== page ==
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Succession Development: the four stages of talent management

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Be prepared for the unexpected.  Companies that purposefully develop their leadership talent for succession avoid costly risks and maintain their competitive edge.

“The real key in succession management is to create a match between the organization's future needs and the aspirations of individuals. The only way to keep talented people is to provide them with growth opportunities that keep them stretching and finding more promising opportunities they might find elsewhere. The average college graduate will change jobs five times in his or her career. Within the next decade, this norm will probably increase to seven job changes. Recruiting and retaining leaders becomes an economic and strategic challenge.“ Graziadio Business Report, Pepperdine University

Short-term Succession Replacement

Short-term replacement planning is focused on an urgent need caused by a sudden development within the organization - unexpected attrition, business expansion, etc – without an identified, trained successor. This method can create a risk to the company through lost expertise and knowledge, so it is critical to select the best candidate, whether internal or external.  Benchmarking the job and making an unbiased comparison of potential candidates against that benchmark is crucial.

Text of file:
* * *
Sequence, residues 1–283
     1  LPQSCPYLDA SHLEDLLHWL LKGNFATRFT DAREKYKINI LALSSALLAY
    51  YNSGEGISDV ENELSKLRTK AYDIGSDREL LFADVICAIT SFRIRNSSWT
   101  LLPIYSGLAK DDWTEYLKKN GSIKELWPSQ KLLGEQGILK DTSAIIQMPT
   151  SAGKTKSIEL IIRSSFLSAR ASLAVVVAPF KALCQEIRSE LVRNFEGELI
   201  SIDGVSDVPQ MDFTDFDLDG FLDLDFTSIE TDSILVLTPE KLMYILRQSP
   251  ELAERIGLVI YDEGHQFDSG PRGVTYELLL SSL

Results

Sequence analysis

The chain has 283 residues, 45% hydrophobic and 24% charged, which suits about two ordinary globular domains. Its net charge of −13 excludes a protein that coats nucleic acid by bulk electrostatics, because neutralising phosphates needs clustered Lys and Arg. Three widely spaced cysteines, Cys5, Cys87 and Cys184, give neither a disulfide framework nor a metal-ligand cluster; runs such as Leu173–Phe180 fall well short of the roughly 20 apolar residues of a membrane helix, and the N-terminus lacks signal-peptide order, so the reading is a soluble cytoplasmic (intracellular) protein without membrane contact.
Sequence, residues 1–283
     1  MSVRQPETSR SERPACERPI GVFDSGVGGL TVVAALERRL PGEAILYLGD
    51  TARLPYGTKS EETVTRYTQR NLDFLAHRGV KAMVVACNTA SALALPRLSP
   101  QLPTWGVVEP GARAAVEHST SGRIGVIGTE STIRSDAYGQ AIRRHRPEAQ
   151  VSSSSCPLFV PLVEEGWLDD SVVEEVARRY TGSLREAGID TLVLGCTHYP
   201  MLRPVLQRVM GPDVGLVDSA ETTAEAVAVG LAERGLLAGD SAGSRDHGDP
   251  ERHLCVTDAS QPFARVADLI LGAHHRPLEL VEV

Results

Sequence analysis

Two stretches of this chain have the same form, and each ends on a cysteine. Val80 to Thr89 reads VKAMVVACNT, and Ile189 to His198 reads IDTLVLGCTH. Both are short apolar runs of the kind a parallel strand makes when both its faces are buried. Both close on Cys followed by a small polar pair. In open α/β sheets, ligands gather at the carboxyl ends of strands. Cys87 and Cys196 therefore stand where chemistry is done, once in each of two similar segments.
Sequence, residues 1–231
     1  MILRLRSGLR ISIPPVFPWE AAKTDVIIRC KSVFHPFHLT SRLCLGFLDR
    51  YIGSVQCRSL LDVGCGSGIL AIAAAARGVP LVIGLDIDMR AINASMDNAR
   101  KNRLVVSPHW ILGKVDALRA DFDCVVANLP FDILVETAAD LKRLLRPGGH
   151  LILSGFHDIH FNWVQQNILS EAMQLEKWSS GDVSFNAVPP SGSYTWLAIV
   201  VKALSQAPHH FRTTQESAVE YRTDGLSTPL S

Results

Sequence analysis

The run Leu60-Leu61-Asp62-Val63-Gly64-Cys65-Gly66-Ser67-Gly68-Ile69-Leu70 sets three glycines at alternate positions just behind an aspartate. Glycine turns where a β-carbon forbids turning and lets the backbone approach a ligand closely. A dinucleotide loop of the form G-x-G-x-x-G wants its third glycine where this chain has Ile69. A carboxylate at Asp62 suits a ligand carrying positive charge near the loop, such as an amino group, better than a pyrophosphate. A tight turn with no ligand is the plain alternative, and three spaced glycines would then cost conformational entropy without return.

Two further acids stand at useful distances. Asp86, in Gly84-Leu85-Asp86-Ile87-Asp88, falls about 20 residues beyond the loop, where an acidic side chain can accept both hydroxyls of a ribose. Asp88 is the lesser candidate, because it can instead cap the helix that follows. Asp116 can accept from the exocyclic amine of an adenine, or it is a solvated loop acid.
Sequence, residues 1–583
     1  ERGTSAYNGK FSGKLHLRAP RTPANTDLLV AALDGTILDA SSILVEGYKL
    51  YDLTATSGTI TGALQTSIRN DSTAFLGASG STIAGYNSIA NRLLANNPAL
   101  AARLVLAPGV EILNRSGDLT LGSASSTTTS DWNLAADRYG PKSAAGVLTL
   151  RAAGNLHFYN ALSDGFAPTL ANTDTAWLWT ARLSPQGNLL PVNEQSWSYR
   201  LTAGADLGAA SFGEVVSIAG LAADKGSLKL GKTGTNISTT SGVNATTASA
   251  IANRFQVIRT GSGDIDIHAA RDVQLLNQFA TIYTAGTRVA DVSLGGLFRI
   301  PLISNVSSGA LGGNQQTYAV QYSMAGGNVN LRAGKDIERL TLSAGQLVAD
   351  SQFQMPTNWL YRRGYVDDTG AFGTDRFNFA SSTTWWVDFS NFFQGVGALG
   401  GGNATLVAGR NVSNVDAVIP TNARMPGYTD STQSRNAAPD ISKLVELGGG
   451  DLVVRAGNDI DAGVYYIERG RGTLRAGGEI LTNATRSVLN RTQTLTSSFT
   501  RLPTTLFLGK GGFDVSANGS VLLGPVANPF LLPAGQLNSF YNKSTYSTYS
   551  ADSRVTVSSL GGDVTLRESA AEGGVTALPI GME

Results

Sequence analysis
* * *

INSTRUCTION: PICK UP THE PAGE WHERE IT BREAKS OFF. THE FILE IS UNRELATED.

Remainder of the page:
Long-term Succession Development

Talent management focuses on the future needs of the organization. Working within the strategic framework for the company’s future goals, the company identifies the positions necessary for growth and the best candidates to fill those roles. If companies wish to grow leaders from within their existing talent pool and have the time and resources to develop a useful program, effective talent management will become a key component of its long-term human capital strategy.

Keep the process simple! Succession management can be made too complicated by elaborate forms and processes. When this happens, the process usually dominates the discussion rather than the talents, skills, and knowledge of the candidates.

The Four Stages of Succession Development


Analysis - The Analysis stage determines which positions deserve succession planning, what each position needs, and who should be included in succession development.

  • Where are the company/organization risks and opportunities in the next 2-5 years?  Where are the expected, and potentially unexpected, future succession needs?  Align succession development with the overall business strategy. Line executives are much more likely to support a system that clearly reinforces corporate goals and objectives.  How will success of the succession process be measured?
  • Once the positions are identified, the analysis moves to developing a solid understanding of the skills, experiences, behaviors and leadership attributes the successor will need to succeed in those positions. We should fight the tendency to think the answer is to find a younger version of the incumbent and instead focus on what the job needs to be successful. Benchmarking these key jobs creates an accurate and unbiased method for understand the needs of the job. We’ll discover the behaviors and attributes that all leaders should have and which are unique to the job.